Common nut varieties include cashews, pistachios, pecans, walnuts and almonds. The coconut is also a nut. Other common nuts are hazelnuts, macadamia nuts, and pine nuts or pignoli.
Peanuts are technically legumes rather than nuts, but people use them as nuts, and their protein and fat composition are similar to that of nuts.
Although nuts are high in calories because of their fat content, varieties such as almonds and walnuts have been touted in recent years as sources of heart-healthy, unsaturated omega-3 fats. They are low in carbohydrates, so they fit into diabetic diets. Various nuts contain minerals such as iron, zinc, magnesium and selenium.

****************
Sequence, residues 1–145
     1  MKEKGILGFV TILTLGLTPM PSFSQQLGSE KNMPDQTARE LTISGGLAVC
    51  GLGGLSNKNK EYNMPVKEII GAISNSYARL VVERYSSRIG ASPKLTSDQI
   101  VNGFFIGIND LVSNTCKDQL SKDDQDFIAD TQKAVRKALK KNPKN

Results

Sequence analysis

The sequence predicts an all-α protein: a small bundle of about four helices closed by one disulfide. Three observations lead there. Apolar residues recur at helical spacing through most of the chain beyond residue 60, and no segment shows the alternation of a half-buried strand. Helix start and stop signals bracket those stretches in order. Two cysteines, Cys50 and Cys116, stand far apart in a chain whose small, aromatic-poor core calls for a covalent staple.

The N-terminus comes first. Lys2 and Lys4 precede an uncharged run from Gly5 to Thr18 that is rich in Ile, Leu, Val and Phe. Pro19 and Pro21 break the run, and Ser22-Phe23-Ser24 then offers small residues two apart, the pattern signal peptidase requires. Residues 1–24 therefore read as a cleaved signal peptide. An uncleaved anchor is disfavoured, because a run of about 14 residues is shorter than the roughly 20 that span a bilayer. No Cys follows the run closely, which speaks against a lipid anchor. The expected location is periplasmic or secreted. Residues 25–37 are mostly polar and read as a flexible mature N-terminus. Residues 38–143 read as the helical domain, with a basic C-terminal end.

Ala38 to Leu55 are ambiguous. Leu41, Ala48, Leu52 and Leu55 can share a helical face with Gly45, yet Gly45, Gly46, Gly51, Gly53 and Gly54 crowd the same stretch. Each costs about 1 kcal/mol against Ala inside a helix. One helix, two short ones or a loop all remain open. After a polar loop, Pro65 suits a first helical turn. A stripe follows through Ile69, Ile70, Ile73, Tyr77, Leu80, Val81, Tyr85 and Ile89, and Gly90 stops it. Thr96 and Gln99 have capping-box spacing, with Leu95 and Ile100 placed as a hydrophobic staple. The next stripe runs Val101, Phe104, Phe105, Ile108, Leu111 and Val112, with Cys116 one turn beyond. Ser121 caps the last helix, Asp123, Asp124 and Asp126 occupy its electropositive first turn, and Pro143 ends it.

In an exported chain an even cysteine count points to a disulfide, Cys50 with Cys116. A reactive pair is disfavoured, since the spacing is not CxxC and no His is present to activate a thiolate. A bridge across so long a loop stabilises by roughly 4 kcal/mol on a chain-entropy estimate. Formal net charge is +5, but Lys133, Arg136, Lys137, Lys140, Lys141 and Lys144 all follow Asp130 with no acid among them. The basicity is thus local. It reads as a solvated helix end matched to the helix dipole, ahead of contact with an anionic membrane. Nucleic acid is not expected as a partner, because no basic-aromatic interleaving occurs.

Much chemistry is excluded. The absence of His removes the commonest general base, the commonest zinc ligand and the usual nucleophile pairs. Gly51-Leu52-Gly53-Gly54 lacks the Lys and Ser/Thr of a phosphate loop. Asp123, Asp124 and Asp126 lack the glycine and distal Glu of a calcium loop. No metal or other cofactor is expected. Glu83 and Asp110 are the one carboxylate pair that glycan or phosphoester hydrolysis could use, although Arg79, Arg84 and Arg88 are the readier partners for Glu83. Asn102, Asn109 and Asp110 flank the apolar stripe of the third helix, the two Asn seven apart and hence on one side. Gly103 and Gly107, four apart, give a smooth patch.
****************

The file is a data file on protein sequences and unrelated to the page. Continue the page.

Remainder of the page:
Although nuts are commonly eaten raw or roasted as snacks, people have used them in cooking for centuries. Native Americans made bread and porridge from acorns, Egyptians use pistachios in spice blends, pine nuts feature in Italian dishes such as pesto sauce, the Chinese include water chestnuts in stir-fried dishes, and Thai cuisine makes use of cashews and coconuts. Peanut butter is an American staple, though cashew and almond butters exist, too. Chocolate chip cookies, brownies and banana breads often contain walnuts or pecans. Vegans use cashews to give dips and sauces a creamy texture.